Total Education for Total Students

Total Education for Total Students

Pyle Middle School

Four days after Pyle Middle School students returned to school, the Pyle community sold 600 tickets to a dance that raised $28,000 for Hurricane Katrina victims. During the first week of classes, Principal Michael Zarchin was especially moved to see students take out a five-dollar bill, pay for their lunch, and donate the rest to the hurricane relief fund.

“More than the music was the fact that the kids were there to help those who needed it,” said Zarchin.

News about the damage wrought by the hurricane and subsequent flooding inspired several Pyle students and teachers Brad Lambert, Rachel Lunsford and Jen Thorson to organize the dance. Parents came to help sell and collect tickets and chaperone the dance.

“It was a community effort, which is really nice,” Zarchin said.

One New Orleans student enrolled at Pyle last week, and he and his family were at the front office registering for school while Zarchin was on the school’s daily television news show promoting the dance.

LAST YEAR, several Pyle students initiated a collection to raise money for victims of the tsunami that struck Southeast Asia. They simply passed the hat, and raised $18,000 in less than a week. As Zarchin begins his second year as Pyle’s principal, he has already seen how students get spurred into action by what they learn in the classroom and from world events.

Zarchin and assistant principals Ann Dolan, Robyn Jackson and Mike Kryder view the middle school age as essential to a student’s social, academic and personal growth.

“In middle school you can really have a positive influence on the whole child,” Zarchin said.

“What better place to be able to influence them?” said Dolan. “It’s the best age; it’s where the kids are figuring out who they’re going to be as adults.”

“We get to mold them and to teach them how to be organized kids,” said Jackson. In the middle school years, students gain some independence and grow a little less reliant on their parents, Jackson said.

Pyle is one of Montgomery County’s largest middle schools, and it also has the county’s largest after-school activities program. Extracurricular clubs available to the students include chess, archery, equestrian, guitar lessons, fencing and babysitting certification. Each year, Pyle performs a fall drama and a spring musical.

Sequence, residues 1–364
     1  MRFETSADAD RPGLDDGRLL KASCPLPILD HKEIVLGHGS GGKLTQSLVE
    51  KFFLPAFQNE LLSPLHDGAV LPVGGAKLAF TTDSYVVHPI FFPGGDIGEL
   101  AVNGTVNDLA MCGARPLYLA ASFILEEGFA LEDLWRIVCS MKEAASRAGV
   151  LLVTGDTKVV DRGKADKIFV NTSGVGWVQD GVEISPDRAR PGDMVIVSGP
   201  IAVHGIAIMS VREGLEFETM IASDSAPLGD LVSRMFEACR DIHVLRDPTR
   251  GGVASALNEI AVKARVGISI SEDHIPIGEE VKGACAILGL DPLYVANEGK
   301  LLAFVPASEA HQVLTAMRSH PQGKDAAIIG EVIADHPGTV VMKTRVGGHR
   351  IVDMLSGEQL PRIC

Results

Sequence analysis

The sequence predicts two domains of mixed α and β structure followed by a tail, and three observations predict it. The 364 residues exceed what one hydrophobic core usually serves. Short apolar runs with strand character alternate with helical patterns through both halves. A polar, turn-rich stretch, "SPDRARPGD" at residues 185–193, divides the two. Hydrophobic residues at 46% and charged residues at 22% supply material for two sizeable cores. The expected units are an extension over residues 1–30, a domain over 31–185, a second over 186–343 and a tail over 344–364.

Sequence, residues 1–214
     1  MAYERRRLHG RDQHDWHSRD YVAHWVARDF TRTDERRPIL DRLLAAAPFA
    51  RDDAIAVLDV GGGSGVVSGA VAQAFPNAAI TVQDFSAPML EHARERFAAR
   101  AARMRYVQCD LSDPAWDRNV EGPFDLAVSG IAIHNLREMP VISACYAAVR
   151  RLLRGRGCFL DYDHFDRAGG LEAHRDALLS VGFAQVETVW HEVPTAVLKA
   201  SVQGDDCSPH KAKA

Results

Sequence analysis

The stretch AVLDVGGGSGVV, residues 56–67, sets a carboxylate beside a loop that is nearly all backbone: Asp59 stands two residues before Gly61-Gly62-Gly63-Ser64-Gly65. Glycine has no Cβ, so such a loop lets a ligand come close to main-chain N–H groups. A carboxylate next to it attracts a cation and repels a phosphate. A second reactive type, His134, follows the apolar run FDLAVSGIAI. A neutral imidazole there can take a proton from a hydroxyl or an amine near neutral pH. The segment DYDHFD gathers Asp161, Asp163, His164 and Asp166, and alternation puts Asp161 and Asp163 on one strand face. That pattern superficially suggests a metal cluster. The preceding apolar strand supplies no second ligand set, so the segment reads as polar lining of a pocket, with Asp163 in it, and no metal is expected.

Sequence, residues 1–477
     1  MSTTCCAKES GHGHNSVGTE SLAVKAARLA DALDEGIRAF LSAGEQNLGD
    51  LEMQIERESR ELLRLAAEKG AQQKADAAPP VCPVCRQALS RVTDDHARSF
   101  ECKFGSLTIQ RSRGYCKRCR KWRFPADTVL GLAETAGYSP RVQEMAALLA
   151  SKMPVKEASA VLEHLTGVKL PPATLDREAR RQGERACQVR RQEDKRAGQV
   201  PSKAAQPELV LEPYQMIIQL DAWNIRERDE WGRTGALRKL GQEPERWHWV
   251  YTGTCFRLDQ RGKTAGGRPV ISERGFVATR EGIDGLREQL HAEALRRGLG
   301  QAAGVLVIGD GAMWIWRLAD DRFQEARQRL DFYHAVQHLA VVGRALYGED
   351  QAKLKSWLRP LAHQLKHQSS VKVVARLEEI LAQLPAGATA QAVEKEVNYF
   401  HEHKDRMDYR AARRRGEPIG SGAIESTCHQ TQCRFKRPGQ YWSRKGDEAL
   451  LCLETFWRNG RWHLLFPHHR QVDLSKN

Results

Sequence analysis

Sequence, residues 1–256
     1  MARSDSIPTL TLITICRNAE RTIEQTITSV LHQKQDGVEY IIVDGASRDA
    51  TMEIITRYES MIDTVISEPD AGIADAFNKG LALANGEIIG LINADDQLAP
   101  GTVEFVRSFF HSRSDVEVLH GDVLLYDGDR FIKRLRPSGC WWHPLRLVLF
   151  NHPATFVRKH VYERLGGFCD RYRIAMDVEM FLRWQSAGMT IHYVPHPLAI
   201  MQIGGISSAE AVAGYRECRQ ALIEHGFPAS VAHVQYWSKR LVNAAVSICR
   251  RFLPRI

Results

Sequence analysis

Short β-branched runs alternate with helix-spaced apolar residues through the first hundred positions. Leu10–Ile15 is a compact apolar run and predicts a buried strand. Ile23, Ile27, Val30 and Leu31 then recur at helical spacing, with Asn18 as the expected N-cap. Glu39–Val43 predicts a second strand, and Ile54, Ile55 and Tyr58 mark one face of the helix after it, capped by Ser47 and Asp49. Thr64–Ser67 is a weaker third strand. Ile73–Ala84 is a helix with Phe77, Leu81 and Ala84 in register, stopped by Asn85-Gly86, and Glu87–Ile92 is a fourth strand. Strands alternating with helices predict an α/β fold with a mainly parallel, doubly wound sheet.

Pyle’s core values include the idea of developing a passion for learning, Zarchin said. “This is the time we want a student to learn what their passion is and learn what they’re good at, before they go to high school.”

QUEEN ELIZABETH visits Pyle each May as part of the school’s Renaissance Festival. Students and teachers dress in English medieval or Renaissance period attire. Pyle teachers use the event to integrate a multidisciplinary approach. Pyle’s chorus sings songs appropriate to the time period, and in seventh-grade history classes, students interview the visiting queen. In science classes, students learn how diseases like the Bubonic Plague spread in medieval-period Europe.

This same approach applies to sixth-graders, who read Greek and Roman mythology, and eight-graders, who study Native Americans and the American Revolution and Civil War – not only in history classes, but also in English and science in an approach that bridges the subjects.

There’s something to celebrate throughout the year, and Pyle students participate in a Hoops for Heart fund-raiser, a Cinco de Mayo celebration, a Greco-Roman Festival, and Bill’s Buddies, an acting troupe that acts out scenes from Shakespeare plays.

“These activities make books come alive for the kids,” Zarchin said.

BEFORE ZARCHIN became Pyle’s principal last year, he worked at the elementary, middle and high school levels at Montgomery County schools. As a former high school guidance counselor, he appreciates the importance of a student’s middle school years. “[We try to] make sure they leave here as total, total people,” Zarchin said. “If they come in on a positive note and feel good about who they are, they will do pretty well in high school.”